In one such case, the sister of a Renaissance member was misled by contractors who knocked on her door and advised her that some neighbors in her community were suffering from water damage and mold in their homes and that she could have the same damage. Concerned, she invited in the contractors, who quickly broke large holes in her drywall, set up dehumidifiers and fans and led her to believe they immediately found signs of water damage. The contractors then had her sign a form that gave them all the rights to her claim.

Weeks went by, and after numerous unreturned phone calls she called her insurance company. They advised that they were unable to speak to her regarding her own claim, as she had assigned all rights, including the right to communicate, over to the contractors.

Oscar Miniet is regional executive vice president at Renaissance Alliance. He can be reached at Oscar.Miniet@Renaissanceins.com.

Reprinted with permission from Renaissance Alliance. https://www.renaissanceins.com/how-it-works/

Please call  Lee from  USAsurance Powered by WeInsure & Calle Financial. 954-270-7966 or 833-USAssure at the office. My email is lee@myUSAssurance.com . I am Your Insurance Consultant  about Home Insurance, Auto, Flood, Private Flood, Car, Life Insurance, Mortgage protection, Financial Products, Business  & Commercial Policies, & Group Products for business owners to give Employees benefits at no cost to the employer. My email is lee@myUSAssurance.com

The 10 states with the most at-fault accidents

By Brittney Meredith-Miller | December 22, 2021 at 01:00 AM

     Previous

10. Utah

Percentage of drivers with a prior at-fault accident: 11.34%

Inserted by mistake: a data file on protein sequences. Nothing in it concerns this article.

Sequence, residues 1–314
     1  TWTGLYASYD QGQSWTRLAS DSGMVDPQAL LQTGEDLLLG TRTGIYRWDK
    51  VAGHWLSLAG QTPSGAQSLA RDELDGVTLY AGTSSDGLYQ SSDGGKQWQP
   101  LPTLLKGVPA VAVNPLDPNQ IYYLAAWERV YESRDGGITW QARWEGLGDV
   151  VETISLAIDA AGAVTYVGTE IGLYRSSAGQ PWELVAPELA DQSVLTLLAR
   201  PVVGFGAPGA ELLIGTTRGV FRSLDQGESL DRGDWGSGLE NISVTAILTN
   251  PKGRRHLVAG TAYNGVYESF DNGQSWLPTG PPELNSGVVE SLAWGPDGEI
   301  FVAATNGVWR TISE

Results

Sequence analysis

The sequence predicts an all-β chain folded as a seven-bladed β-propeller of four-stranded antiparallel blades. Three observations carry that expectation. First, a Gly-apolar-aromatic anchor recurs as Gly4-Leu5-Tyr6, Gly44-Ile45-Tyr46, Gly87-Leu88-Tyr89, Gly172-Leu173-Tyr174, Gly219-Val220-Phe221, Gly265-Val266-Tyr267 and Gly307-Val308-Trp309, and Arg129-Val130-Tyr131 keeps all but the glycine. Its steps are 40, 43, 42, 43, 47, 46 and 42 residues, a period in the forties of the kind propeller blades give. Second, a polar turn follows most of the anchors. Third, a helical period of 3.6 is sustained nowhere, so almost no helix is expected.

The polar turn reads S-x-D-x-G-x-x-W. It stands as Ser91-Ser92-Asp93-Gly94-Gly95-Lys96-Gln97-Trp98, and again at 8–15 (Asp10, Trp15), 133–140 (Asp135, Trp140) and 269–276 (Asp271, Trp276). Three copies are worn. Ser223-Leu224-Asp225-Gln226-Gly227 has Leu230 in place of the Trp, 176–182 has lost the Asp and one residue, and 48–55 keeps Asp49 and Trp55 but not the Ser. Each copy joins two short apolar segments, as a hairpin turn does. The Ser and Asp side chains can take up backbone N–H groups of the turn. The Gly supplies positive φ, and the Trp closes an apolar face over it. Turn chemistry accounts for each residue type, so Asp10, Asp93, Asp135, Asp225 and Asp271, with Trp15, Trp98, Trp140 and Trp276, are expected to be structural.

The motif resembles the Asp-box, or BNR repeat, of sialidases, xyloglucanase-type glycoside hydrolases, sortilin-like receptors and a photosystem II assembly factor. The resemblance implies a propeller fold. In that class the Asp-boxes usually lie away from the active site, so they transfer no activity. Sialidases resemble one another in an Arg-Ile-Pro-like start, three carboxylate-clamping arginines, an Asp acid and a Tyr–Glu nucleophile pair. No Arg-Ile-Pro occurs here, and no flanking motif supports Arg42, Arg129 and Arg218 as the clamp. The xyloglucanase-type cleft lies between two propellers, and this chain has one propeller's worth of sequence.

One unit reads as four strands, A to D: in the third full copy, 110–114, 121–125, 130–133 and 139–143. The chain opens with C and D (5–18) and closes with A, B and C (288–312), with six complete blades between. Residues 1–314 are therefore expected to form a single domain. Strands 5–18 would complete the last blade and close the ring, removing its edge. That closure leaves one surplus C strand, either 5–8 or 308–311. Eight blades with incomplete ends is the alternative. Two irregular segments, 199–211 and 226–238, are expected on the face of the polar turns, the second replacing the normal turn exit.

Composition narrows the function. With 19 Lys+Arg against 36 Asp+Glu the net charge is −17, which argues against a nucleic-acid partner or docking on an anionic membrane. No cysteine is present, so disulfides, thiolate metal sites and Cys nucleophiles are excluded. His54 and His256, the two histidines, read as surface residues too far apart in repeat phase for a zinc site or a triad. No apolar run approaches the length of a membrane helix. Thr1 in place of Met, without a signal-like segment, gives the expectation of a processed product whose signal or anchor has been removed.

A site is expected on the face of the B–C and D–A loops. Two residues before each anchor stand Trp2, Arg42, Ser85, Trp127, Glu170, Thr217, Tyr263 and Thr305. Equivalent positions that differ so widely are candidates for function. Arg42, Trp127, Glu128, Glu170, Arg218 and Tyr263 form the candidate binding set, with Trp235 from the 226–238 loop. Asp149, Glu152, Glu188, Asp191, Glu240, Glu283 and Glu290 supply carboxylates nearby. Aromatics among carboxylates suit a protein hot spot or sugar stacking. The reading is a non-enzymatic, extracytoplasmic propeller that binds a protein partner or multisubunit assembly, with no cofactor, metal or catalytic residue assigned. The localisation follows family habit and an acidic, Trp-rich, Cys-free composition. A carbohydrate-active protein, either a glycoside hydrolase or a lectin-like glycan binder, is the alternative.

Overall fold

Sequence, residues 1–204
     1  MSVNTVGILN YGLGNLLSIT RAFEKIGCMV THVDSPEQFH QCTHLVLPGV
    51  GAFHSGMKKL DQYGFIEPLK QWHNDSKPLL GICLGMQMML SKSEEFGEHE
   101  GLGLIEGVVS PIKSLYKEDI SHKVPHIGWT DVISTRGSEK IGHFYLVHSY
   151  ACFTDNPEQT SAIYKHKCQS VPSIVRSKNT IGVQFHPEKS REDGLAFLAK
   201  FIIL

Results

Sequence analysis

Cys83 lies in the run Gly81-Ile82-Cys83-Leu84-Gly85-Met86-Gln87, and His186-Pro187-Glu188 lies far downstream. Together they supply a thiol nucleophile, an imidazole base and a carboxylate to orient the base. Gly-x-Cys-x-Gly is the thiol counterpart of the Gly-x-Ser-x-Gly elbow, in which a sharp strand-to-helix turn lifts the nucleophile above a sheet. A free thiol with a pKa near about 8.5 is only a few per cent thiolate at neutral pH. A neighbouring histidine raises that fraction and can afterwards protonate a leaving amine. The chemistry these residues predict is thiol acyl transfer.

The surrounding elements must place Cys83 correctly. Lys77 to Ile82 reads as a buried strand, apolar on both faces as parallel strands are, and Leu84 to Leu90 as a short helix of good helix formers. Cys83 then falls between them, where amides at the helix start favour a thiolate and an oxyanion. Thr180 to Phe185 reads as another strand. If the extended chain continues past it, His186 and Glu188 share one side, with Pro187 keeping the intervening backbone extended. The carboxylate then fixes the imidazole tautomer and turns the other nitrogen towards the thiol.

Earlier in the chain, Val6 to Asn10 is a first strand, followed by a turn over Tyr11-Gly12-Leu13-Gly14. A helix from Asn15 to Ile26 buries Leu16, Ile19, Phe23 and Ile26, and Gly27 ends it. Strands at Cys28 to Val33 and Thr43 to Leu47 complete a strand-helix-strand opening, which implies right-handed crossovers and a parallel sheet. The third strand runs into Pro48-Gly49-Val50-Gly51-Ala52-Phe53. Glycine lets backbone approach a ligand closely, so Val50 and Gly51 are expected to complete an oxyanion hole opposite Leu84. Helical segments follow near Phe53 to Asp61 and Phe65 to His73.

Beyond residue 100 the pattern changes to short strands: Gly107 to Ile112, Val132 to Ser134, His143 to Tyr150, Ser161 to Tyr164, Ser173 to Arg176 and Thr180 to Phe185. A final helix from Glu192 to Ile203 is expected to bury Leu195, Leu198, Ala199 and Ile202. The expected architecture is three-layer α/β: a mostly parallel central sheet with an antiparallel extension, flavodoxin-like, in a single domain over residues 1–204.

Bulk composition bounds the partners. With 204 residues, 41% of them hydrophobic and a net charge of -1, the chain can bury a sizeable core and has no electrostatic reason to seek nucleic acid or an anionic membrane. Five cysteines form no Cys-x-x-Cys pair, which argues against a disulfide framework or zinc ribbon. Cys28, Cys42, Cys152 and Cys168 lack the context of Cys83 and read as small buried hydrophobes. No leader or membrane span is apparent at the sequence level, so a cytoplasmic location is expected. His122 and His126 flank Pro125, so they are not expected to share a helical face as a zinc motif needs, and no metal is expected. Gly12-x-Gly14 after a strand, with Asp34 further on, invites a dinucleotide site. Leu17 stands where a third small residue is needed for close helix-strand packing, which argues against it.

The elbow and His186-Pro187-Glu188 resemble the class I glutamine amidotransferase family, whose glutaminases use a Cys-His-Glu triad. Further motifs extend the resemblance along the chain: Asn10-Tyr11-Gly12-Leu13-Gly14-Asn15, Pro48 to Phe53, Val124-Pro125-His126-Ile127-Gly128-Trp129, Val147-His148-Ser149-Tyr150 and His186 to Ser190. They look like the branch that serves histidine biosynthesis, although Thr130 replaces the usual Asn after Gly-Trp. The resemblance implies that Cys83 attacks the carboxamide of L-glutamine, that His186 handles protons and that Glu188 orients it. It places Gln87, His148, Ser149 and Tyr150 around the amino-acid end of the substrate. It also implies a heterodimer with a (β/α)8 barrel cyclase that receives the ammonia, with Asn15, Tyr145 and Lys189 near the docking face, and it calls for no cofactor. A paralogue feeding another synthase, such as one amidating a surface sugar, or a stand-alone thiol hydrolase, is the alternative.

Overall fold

Number of traffic deaths per 100 million vehicle miles traveled: 0.75

(Photo: Johnny Adolphson/Shutterstock.com)

9. Rhode Island

Percentage of drivers with a prior at-fault accident: 11.35%

Number of traffic deaths per 100 million vehicle miles traveled: 0.75

(Photo: ESB Professional/Shutterstock.com)

8. Georgia

Percentage of drivers with a prior at-fault accident: 11.78%

Number of traffic deaths per 100 million vehicle miles traveled: 1.12

(Photo: Sean Pavone/Shutterstock.com)

7. Maine

Percentage of drivers with a prior at-fault accident: 12.05%

Number of traffic deaths per 100 million vehicle miles traveled: 1.06

(Photo: Sean Pavone/Shutterstock)

6. New Hampshire

Percentage of drivers with a prior at-fault accident: 12.09%

Number of traffic deaths per 100 million vehicle miles traveled: 0.73

(Photo: Wangkun Jia/Shutterstock.com)

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5. South Carolina

Percentage of drivers with a prior at-fault accident: 13.11%

Number of traffic deaths per 100 million vehicle miles traveled: 1.73

(Photo: Sean Pavone/Shutterstock.com)

4. Maryland

Percentage of drivers with a prior at-fault accident: 13.22%

Number of traffic deaths per 100 million vehicle miles traveled: 0.87

(Photo: Kevin Ruck/Adobe Stock)

3. Ohio

Percentage of drivers with a prior at-fault accident: 13.28%

Number of traffic deaths per 100 million vehicle miles traveled: 1.01

(Photo: rouda100/Adobe Stock)

2. Nebraska

Percentage of drivers with a prior at-fault accident: 13.28%

Number of traffic deaths per 100 million vehicle miles traveled: 1.17